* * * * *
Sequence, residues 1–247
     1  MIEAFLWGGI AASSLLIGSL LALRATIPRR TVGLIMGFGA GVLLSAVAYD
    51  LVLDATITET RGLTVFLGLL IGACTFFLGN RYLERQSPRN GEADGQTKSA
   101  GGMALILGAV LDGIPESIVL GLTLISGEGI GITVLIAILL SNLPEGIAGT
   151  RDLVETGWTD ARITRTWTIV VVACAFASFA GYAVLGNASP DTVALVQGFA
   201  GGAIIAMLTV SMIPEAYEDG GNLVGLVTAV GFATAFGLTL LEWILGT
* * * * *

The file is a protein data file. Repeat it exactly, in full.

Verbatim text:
Sequence, residues 1–247
     1  MIEAFLWGGI AASSLLIGSL LALRATIPRR TVGLIMGFGA GVLLSAVAYD
    51  LVLDATITET RGLTVFLGLL IGACTFFLGN RYLERQSPRN GEADGQTKSA
   101  GGMALILGAV LDGIPESIVL GLTLISGEGI GITVLIAILL SNLPEGIAGT
   151  RDLVETGWTD ARITRTWTIV VVACAFASFA GYAVLGNASP DTVALVQGFA
   201  GGAIIAMLTV SMIPEAYEDG GNLVGLVTAV GFATAFGLTL LEWILGT